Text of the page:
In environmental health, GeoAI has been used to conduct accurate and highly resolved modelling of environmental exposures, including measuring exposures that have historically been difficult to capture [2]. For example, GeoAI methods are being applied to capture features of the built environment (i.e., urban green space or natural environments) [21]. To address current limitations regarding the lack of green space measurements at the highly granular street scale, one recent study calculated Green View Index (GVI) measures from Google Street View panorama images in Portland, Oregon, US and compared GVI values to conventional green space measures such as normalised difference vegetation index (NDVI), distance to parks, and neighbourhood socioeconomic status [21]. Correlations between GVI and other green space measures were low, suggesting that GVI captures unique information not otherwise ascertained using existing methods. Future research building on this work includes developing machine learning approaches to identify specific green space features (e.g., trees) and complex characterizations of streetscapes [21]. In another study designed to address the paucity of building maps in developing countries for sustainability goals related to disaster relief and poverty reduction, deep learning (convolutional neural networks or CNNs) were applied to WorldView-2 satellite remote sensing images and volunteered geographic information (VGI) to automate map generation for buildings in Nigeria [22]. Future research could scale these approaches to examine larger study areas to conduct population-based research and to incorporate more time points to produce a high spatiotemporal resolution characterization of the built environment.

Machine learning has experienced an increased presence in air pollution exposure modelling, allowing for methodologic advantages such as modelling nonlinear associations and the integration of multiple spatial big data sources to improve predictive performance [23]. For example, a neural network was used to model daily particulate matter < 2.5 microns in diameter (PM2.5) levels in the US using multiple predictors including satellite-based aerosol optical depth (AOD) from the Moderate Resolution Imaging Spectroradiometer (MODIS) aboard the Earth Observing System satellite [24]. Random forest models have also been used to estimate daily PM2.5 concentrations [25, 26]. A geographically-weighted gradient boosting machine (GW-GBM) algorithm was used to model PM2.5 exposures in China, accounting for spatial non-stationarity in associations between predictors and PM2.5 using spatial smoothing kernels [2, 27].

Beyond satellite remote sensing, mobile air pollution sensors is another novel source of spatial big data that has been used to improve air pollution exposure modelling [28]. Urban air pollution concentrations exhibit high variability over short distances due to unevenly distributed emission sources, dilution, and physicochemical transformations [28]. Air pollution sensors were integrated with Google Street View vehicles to sample every street in Oakland, California, US for air pollution mapping of NO, NO2, and black carbon at a 30 m spatial resolution [28]. Spatial data mining techniques were used to explore determinants of the spatial patterns in the measured levels of air pollution [28]. Further, personal exposure to air pollution has been measured using wearable devices (i.e., wearables), providing continuous measurements through portable air pollution sensors attached to wristbands, belts, and backpacks [29]. For example, a personal sensor for ultrafine particles (UFP; < 100 nm in diameter) measured pollutant levels among adolescents in Cincinnati, Ohio, US [29]. The UFP sensor also incorporated a Global Positioning System (GPS) receiver, which appended geolocations to corresponding UFP measurements [29]. High-dimensional spatial big data gathered by wearables can be processed and analysed using data science methods and incorporated into epidemiological studies studying disease risk as described below.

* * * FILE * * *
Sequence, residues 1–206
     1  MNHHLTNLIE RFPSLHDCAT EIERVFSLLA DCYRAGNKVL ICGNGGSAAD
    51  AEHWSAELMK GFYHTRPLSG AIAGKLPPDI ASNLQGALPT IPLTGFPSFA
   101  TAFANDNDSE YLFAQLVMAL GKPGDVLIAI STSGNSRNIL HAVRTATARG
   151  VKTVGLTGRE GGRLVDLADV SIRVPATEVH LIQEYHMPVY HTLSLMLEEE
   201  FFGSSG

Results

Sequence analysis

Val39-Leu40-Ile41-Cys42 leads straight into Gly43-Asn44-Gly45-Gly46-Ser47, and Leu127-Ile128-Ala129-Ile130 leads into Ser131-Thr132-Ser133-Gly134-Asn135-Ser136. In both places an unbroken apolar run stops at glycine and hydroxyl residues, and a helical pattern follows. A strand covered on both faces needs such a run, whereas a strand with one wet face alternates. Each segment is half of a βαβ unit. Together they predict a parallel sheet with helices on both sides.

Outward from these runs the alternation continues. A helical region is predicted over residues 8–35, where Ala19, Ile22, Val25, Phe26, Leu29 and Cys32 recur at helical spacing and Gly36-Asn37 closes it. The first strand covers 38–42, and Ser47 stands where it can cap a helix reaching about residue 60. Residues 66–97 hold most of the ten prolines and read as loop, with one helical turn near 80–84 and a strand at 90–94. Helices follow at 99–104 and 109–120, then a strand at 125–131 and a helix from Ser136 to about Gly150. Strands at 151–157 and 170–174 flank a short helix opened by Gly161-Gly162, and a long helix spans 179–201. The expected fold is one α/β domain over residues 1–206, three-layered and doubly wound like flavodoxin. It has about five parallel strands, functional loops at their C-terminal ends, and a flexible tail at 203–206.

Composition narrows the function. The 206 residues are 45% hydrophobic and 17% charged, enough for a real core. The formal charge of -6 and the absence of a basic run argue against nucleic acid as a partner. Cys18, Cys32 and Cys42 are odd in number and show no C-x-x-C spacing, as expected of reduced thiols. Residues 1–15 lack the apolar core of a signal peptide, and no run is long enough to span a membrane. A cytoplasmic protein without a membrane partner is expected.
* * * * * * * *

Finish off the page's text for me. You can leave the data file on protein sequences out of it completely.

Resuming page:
In epidemiology, GeoAI has been used to describe and analyse the spatial distribution of diseases and to study the effect of location-based factors on disease outcomes. For example, to facilitate hypothesis generation related to the aetiology of preterm births, machine learning (K-means clustering) was used to determine spatiotemporal patterns of gestational age at delivery for 145 million births in over 3000 US counties from 1971 to 2008 using National Centre for Health Statistics Natality Files [30]. In another study in the Ivory Coast of Africa, researchers aimed to better understand determinants of human immunodeficiency virus (HIV) prevalence using machine learning (support vector regression) to extract mobility and connectivity data from georeferenced mobile phone data [31]. These extracted features were analysed in relation to HIV prevalence rates at the department level, where study authors found that factors, such as the spatial area covered by the phone user and overall migrations, were associated with HIV prevalence [31].